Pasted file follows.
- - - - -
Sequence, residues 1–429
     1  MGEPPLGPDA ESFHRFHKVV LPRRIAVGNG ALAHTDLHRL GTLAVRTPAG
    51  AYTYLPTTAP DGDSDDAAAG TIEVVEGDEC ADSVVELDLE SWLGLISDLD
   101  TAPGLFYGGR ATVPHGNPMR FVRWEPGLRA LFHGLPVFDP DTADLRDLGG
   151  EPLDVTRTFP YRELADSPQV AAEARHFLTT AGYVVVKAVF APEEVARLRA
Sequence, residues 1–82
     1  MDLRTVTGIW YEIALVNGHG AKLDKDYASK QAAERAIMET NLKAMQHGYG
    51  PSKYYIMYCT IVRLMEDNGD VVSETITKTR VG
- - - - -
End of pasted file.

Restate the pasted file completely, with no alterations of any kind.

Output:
Sequence, residues 1–429
     1  MGEPPLGPDA ESFHRFHKVV LPRRIAVGNG ALAHTDLHRL GTLAVRTPAG
    51  AYTYLPTTAP DGDSDDAAAG TIEVVEGDEC ADSVVELDLE SWLGLISDLD
   101  TAPGLFYGGR ATVPHGNPMR FVRWEPGLRA LFHGLPVFDP DTADLRDLGG
   151  EPLDVTRTFP YRELADSPQV AAEARHFLTT AGYVVVKAVF APEEVARLRA
Sequence, residues 1–82
     1  MDLRTVTGIW YEIALVNGHG AKLDKDYASK QAAERAIMET NLKAMQHGYG
    51  PSKYYIMYCT IVRLMEDNGD VVSETITKTR VG